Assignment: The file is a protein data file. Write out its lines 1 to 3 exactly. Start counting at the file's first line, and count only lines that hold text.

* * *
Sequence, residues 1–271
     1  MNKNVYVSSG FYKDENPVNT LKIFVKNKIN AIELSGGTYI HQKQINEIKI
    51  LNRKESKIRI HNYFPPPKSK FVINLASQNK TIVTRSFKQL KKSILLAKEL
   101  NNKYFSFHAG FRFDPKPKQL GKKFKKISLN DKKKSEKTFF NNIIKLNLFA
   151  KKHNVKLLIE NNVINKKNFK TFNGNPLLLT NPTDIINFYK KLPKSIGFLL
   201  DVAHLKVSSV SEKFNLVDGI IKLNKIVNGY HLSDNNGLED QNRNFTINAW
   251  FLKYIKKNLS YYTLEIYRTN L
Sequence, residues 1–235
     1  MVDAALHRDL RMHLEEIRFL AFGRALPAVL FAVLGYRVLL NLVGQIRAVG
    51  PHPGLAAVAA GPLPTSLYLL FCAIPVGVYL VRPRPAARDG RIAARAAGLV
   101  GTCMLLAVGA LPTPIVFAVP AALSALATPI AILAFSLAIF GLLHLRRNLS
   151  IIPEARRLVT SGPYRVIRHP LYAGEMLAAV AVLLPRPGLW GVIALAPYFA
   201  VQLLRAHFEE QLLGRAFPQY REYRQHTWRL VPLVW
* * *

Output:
Sequence, residues 1–271
     1  MNKNVYVSSG FYKDENPVNT LKIFVKNKIN AIELSGGTYI HQKQINEIKI
    51  LNRKESKIRI HNYFPPPKSK FVINLASQNK TIVTRSFKQL KKSILLAKEL